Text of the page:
The Headhunters #1: Heroin Triple Cross, by John Weisman & Brian Boyer
February, 1974 Pinnacle Books
Thanks to Justin Marriott's Men of Violence magazine for bringing this unsung series to my attention. This was the first of four volumes which detail the gritty adventures of Detroit cops Eddie Martin and Jake "TS" Putnam, the "Headhunters" of the title. Members of the Detroit Police Internal Affairs division, it's their job to ensure their fellow cops don't yield to the rampant vice and corruption of Detroit and go over to the other side.
The cover proclaims this as "an exciting new series" and the spine is tagged "Adventure," but The Headhunters series is only nominally part of the men's adventure genre. It's more "Elmore Leonard" than "Don Pendleton." This is basically just a crime novel that revels in its own lurid nature, filled with gutter-talking conmen and gangsters with colorful names (and even more colorful wardrobes), of two-bit hoods who go on murder and theft rampages. And our two heroes have none of the diehard resolve of the usual men's adventure protagonist; indeed Martin and Putnam barely even appear in the novel, and have little to do with the plot, climax, or resolution.
Eddie Martin is the boss, a WASP-type married into money who considers himself one of the few uncorrupted cops on the Detroit force. But behind his conservative veneer lies a true hellion, most notably in the turbo-charged engine he's installed in his VW bug. But otherwise Martin's one of those guys who likes to play old jazz on the high-fi while reading the newspaper.
Putnam is the new guy, a young black cop who likes to gamble and wears the latest superfly threads. A confusing bit in the narrative is that authors Boyer and Weisman can't seem to figure out how they want to refer to Putnam. Sometimes he's "TS" (which stands for "tough shit"), other times he's "Putnam," and most confusingly sometimes he's referred to as "Jake." (It took me a second to figure this out...because when Putnam's first referred to as "Jake" in the narrative there's no indication we're reading about Putnam...it was only after jumping back to the brief bio handily inserted into the text that I learned that Putnam's first name is "Jackson," thus "Jake!") One of the basic rules of writing is to only refer to your character by one name, and one name only -- other characters can call him by a million different names, but the author must be consistent.
At any rate the villains are the true protagonists of Heroin Triple Cross. They take up around 85% of the narrative, and there are a bunch of them: first and foremost there's Henry Paquette, the series' recurring villain. A hulking black former cop, Paquette is now the kingpin of Detroit's inner-city crime ring who poses as a law-obeying entrepreneur; Paquette's a grandiose figure who steals the entire book. His core group is just as showy: there's Dovell, Paquette's hit man, another black tough who happens to be gay and apparently gets off on murdering; and there's Sonny Hope, an over-the-top type who dresses as loudly as possible and occasionally bursts into impromptu song. Then there's "Gloves" Lewis, a black cop on the take; he works for Paquette and lives a double life, one as a cop with a bad attitude, the other as a high-roller who lives in a fancy penthouse.
Finally there are three black youths who provide the thrust of the narrative. Street punks who kill cops, steal cars, and rob Paquette-owned businesses, all within the first few pages. The entire city wants them, but most of all Paquette, because they have taken from him. He tasks Gloves Lewis with killing them, all while making it look like they were resisting arrest. During this Martin and Putnam (I almost typed "Martin and Lewis") attempt to crack down on Paquette, trying to figure out who his inside man is. The novel alternates between all of the above characters, again giving it the feel moreso of a grungy crime story than your average men's adventure novel.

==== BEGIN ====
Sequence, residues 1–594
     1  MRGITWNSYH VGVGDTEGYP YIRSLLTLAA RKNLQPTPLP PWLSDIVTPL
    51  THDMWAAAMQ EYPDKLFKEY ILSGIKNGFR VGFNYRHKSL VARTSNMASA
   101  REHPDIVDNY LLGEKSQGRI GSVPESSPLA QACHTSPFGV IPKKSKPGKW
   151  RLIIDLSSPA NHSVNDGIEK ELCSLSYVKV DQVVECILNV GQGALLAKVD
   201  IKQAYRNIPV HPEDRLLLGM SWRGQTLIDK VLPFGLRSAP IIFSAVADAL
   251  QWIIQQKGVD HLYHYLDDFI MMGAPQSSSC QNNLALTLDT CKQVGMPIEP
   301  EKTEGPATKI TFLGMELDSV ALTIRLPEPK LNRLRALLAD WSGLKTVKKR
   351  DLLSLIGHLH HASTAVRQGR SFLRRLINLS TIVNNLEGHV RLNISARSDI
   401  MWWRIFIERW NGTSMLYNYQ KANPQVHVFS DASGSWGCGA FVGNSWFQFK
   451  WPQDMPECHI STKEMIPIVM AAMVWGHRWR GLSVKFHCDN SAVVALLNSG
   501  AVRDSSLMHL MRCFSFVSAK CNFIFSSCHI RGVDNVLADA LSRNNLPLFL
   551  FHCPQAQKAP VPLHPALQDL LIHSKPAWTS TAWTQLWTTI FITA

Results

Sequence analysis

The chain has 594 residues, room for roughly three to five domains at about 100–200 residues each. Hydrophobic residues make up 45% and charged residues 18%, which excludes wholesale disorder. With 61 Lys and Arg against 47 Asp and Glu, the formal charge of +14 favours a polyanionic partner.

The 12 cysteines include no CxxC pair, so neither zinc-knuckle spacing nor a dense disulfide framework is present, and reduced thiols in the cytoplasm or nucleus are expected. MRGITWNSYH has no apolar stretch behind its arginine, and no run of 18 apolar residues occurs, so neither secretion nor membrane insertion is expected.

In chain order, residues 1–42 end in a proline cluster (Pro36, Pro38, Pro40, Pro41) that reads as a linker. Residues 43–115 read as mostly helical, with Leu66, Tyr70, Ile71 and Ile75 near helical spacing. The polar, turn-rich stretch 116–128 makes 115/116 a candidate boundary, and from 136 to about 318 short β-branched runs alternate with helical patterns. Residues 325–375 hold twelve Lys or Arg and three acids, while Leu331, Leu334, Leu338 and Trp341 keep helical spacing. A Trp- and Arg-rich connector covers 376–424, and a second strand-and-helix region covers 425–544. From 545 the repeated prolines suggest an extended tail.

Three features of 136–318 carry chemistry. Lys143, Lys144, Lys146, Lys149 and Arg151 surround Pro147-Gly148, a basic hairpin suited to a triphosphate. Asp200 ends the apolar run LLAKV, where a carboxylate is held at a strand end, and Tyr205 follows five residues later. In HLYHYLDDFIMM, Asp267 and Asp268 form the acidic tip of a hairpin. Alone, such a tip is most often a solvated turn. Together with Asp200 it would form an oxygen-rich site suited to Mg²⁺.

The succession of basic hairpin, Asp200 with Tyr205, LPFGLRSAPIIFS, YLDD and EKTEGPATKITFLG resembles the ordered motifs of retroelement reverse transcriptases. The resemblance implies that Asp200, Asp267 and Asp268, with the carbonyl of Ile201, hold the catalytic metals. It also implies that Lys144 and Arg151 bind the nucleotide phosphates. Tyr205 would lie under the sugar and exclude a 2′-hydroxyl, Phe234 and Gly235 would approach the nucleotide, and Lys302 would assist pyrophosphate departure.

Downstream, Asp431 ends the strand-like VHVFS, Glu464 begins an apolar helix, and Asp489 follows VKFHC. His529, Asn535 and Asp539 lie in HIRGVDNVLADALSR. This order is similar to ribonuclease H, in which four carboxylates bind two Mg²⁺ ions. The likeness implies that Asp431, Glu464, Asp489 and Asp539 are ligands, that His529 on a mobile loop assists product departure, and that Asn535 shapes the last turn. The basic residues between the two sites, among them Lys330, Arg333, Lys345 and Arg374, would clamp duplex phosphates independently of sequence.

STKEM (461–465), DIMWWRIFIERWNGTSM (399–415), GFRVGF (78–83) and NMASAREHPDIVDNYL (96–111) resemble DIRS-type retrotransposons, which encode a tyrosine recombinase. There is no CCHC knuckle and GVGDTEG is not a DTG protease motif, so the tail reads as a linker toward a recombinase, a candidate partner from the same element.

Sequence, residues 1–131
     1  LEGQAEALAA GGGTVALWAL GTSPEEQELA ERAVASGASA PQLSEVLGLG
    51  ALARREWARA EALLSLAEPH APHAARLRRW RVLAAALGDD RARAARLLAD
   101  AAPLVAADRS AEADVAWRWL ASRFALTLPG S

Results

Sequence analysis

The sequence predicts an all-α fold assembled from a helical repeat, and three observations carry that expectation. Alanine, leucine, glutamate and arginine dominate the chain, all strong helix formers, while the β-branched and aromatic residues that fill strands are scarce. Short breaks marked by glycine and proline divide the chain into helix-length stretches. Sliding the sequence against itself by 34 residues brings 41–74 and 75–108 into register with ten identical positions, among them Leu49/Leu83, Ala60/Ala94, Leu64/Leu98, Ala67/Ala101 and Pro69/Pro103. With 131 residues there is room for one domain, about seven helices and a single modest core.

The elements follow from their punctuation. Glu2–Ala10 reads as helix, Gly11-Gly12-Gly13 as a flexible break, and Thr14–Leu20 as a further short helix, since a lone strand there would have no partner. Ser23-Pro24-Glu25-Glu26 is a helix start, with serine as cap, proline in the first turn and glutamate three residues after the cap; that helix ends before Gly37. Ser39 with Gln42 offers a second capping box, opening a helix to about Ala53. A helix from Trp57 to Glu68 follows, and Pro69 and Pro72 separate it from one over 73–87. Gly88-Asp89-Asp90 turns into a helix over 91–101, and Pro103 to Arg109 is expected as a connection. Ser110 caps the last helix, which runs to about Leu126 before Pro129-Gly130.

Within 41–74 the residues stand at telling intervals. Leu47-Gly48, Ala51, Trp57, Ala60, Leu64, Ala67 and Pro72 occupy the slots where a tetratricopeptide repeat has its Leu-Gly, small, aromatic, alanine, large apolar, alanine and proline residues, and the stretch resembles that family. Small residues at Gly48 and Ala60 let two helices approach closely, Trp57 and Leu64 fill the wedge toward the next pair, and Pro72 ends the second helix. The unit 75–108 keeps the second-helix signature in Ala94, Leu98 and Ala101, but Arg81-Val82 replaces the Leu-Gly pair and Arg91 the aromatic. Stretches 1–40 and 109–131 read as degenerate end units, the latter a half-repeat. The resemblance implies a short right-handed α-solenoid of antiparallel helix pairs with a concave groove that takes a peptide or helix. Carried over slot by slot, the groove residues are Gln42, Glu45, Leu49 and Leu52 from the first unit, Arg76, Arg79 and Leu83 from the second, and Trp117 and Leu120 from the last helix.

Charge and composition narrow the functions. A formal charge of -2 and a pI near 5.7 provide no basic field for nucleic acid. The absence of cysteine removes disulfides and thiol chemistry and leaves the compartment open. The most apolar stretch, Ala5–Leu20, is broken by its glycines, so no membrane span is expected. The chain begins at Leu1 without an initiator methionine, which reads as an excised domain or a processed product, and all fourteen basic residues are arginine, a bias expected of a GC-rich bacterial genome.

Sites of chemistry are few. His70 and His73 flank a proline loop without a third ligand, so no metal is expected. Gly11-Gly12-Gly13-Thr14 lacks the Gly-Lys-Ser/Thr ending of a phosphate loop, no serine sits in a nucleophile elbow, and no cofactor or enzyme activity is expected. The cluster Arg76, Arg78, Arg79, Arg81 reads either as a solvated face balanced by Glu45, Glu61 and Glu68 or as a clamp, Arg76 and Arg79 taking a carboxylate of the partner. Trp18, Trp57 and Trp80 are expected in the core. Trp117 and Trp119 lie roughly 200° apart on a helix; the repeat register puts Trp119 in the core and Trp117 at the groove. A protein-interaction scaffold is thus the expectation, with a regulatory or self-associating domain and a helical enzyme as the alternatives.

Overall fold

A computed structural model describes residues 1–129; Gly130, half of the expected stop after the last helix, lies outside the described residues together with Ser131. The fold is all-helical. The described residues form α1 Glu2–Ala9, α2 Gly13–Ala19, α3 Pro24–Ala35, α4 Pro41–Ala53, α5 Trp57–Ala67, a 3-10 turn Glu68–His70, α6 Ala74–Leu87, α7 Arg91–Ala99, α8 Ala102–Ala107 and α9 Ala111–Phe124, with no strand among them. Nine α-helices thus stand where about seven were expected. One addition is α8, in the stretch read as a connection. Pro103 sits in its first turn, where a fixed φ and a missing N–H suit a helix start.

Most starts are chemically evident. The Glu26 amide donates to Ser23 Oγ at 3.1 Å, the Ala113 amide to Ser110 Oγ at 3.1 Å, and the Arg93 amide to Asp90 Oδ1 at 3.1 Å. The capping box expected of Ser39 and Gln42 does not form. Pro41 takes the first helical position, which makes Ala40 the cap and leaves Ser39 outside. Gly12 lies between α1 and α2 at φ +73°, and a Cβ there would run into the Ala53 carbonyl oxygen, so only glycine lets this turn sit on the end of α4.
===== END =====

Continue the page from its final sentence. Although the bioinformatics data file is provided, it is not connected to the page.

As you no doubt noticed from the character rundown, the majority of the characters here are black. And Boyer and Weisman, white authors, go out of their way to have them "talk black." In many ways Heroin Triple Cross comes off like one of those latter Blaxploitiation movies, the majority of which were written by white screenwriters, filled with a sort of psuedo-jive dialog. The n-word is dropped more times than on a rap album, so if you're sensitive to such things, you've been warned. But then the novel would scrape the nerves of anyone too sensitive: this is one sordid, lurid piece of trash fiction, filled with gruesome murders, cops who fart and discuss their own stink, and some very unerotic sex...in particular a platinum blonde bimbo who "does blacks for kicks" and who does something so "shameful" with them that even her own cheeks burn with embarrassment at the thought of doing it. (Boyer and Weisman however leave what exactly this is a secret; my own sordid imagination came up with all sorts of stuff.)
According to Justin Marriott's informative article, Weisman and Boyer were journalists for Detroit's Free Press newspaper, and there's a definite air of legitimacy to the inter-office rivalries, police corruption, and gangster vice, no doubt gleaned from their many interractions with Detroit's cops and scumbags. Per the authors however this first novel was quickly written, and it shows. There are a ton of grammatical and narrative errors strewn throughout, things which could've been caught with a cursory edit. But in a way this rough nature lends Heroin Triple Cross a sort of underground charm -- it reads like a fictional counterpart to the Nark! pieces Joe Eszterhas was writing at the time over in Rolling Stone magazine (which supposedly were mostly fiction themselves).
I've got the following three volumes in the series and look forward to them, particularly Quadraphonic Homicide, the final volume and the one Justin investigated the most in his article.